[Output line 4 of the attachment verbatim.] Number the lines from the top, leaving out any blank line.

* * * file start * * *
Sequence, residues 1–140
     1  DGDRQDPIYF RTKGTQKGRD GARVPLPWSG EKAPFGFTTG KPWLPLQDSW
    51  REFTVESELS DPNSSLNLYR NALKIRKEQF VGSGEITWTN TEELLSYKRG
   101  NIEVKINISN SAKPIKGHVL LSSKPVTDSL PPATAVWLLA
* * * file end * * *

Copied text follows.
   101  NIEVKINISN SAKPIKGHVL LSSKPVTDSL PPATAVWLLA